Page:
Survival of fruit and multipurpose tree seedlings planted to restore degraded land in smallholder agroforestry systems in Saesi Tsaeda Emba, Tigray, Ethiopia
Vilde Lavoll. (6/8/2019). Survival of fruit and multipurpose tree seedlings planted to restore degraded land in smallholder agroforestry systems in Saesi Tsaeda Emba, Tigray, Ethiopia.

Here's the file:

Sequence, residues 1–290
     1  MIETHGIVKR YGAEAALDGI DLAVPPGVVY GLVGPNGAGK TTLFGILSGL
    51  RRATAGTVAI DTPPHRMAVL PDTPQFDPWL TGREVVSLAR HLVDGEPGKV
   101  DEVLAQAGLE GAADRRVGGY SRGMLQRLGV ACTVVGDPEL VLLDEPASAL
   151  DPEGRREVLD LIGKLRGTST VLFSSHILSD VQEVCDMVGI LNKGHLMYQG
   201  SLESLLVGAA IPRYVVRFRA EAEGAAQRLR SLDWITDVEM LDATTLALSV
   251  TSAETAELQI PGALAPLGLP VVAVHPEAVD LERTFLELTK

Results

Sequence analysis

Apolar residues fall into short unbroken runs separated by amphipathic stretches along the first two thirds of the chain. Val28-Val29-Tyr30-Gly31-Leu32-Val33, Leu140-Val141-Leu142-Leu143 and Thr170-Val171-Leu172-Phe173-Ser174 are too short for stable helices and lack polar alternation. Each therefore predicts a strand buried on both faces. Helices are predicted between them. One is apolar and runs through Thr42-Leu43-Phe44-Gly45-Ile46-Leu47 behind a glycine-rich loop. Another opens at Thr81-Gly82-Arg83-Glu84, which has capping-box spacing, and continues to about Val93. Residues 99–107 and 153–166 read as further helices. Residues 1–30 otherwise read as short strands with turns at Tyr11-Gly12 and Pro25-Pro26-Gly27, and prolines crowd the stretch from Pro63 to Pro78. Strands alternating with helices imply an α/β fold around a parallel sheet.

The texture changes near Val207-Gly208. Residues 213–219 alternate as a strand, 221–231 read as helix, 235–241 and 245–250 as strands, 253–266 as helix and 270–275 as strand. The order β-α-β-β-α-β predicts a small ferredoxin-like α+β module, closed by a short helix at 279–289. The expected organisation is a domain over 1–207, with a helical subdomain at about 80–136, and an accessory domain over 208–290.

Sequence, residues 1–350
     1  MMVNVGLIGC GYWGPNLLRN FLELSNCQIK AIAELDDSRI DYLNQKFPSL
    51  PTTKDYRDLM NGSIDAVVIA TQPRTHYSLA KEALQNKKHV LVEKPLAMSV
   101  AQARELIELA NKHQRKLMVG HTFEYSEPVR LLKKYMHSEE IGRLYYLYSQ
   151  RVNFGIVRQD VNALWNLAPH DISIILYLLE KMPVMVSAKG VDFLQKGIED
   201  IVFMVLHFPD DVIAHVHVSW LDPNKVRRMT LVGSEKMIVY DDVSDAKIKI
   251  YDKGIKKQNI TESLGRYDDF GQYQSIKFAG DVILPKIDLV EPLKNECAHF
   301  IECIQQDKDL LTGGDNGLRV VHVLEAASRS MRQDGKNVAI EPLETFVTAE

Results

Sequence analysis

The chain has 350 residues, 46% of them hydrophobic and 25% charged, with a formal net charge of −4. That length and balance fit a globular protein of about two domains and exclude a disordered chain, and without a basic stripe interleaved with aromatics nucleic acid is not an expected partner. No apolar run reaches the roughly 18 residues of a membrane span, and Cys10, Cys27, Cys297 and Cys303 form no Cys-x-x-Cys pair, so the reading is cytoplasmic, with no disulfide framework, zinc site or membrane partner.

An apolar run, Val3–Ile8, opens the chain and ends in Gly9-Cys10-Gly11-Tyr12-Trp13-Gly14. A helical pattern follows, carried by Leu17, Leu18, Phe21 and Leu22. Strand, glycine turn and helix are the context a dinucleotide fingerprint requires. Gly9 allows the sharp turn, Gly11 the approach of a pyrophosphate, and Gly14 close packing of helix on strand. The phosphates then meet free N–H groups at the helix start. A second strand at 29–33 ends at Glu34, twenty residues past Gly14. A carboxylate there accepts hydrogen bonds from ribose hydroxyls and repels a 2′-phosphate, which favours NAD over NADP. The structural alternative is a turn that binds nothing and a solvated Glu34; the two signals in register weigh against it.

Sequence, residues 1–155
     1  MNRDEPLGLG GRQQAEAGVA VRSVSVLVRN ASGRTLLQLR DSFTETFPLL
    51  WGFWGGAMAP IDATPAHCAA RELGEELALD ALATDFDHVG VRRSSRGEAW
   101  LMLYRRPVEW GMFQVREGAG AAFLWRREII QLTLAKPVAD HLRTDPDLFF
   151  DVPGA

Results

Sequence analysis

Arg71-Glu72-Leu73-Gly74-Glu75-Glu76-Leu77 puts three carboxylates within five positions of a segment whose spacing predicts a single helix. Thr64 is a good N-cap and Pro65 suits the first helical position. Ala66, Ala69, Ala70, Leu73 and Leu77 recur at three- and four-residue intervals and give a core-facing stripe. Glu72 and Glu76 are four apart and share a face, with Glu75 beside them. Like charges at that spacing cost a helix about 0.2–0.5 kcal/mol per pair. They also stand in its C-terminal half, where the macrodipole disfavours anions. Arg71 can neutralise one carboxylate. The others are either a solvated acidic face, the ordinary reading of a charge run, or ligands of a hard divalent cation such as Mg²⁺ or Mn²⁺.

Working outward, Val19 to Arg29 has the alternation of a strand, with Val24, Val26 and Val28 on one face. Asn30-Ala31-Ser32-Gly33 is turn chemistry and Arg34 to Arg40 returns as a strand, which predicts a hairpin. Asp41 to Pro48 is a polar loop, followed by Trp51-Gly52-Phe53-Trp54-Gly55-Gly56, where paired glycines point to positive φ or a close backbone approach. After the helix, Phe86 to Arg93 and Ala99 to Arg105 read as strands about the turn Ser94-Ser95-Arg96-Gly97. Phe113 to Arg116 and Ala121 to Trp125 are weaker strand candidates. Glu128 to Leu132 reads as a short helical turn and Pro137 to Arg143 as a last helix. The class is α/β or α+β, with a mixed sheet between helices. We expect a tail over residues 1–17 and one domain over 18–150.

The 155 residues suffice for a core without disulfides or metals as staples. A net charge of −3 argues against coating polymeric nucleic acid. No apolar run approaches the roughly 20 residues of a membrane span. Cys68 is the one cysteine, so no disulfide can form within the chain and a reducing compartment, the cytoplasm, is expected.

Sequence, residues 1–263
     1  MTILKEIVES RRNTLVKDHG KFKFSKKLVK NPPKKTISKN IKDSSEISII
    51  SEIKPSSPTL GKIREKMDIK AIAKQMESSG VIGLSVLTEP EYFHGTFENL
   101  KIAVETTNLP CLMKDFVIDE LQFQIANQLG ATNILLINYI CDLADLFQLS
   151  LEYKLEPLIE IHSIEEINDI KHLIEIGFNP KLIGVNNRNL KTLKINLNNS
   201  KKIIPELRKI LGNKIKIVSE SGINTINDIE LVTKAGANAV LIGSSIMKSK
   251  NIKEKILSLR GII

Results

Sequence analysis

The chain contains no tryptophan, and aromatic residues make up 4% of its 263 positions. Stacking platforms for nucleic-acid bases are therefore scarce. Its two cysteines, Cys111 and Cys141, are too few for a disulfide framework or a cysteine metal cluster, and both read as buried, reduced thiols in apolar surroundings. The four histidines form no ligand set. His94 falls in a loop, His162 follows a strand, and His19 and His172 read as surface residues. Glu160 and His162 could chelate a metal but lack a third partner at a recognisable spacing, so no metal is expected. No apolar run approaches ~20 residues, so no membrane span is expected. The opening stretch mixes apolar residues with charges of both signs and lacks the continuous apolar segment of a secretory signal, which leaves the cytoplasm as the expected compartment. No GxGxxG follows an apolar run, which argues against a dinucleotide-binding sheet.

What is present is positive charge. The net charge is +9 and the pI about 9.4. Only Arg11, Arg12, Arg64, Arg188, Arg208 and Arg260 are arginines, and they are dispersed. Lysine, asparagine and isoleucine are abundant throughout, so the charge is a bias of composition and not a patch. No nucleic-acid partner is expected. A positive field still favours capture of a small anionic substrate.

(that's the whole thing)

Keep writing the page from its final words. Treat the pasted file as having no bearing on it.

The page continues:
Land degradation has been a severe problem in the northern Ethiopian highlands and many studies have demonstrated that agroforestry can serve as a successful tool in restoring degraded lands. Tree planting has hence been included in many land restoration projects, but the survival of seedlings has been low. The objective of this study is therefore to better understand the factors affecting survival of tree seedlings planted to restore degraded land on smallscale farms in Saesi Tsaeda Emba woreda in Tigray, Ethiopia. The species Mangifera indica, Coffea arabica, Rhamnus priniodes, Psidium guajava, Casimiroa edulis, Faidherbia albida, Acacia seyal, Persea americana and Moringa oleifera were planted on 59 farms in three watersheds in an on-farm field trial, called planned comparison. Before planting the seedlings, participating farmers agreed upon certain irrigation and mulching treatments. Data on survival, growth, agroecological conditions, stress factors and seedling care were collected 12 months after planting and analysed using a logistic regression model. Focus groups and semi-structured interviews were used to triangulate the findings and to collect data on socioeconomic factors. Agroecological conditions were found to affect the survival of tree seedlings, but their resilience varied between species. Shade was the only agroecological condition that had a significant positive effect regardless of species. The practices fertilization and shelter had a significant positive effect on seedling survival, while fencing was found to be less important. Weak seedlings were an important mortality reason for Faidherbia albida. Treatments with the most water and most frequent irrigation had the highest survival rate, but it was also shown that the presence of mulch increases the probability of survival when the quantity and frequency of irrigation were reduced. Both the seedling care and survival differed significantly between socioeconomic groups. Farmers with limited labour capacity showed a significantly lower use of seedling care practices, but not a lower seedling survival, than the other farmers. The trees of old farmers were found to have a significantly higher survival than the other trees while the trees of young farmers had a significantly lower survival rate than the other trees. The study showed that the survival of tree seedlings is a result of complex interactions between species, agro ecological conditions and seedling care and studies with larger samples sizes are needed to identify single determinants of success or failure.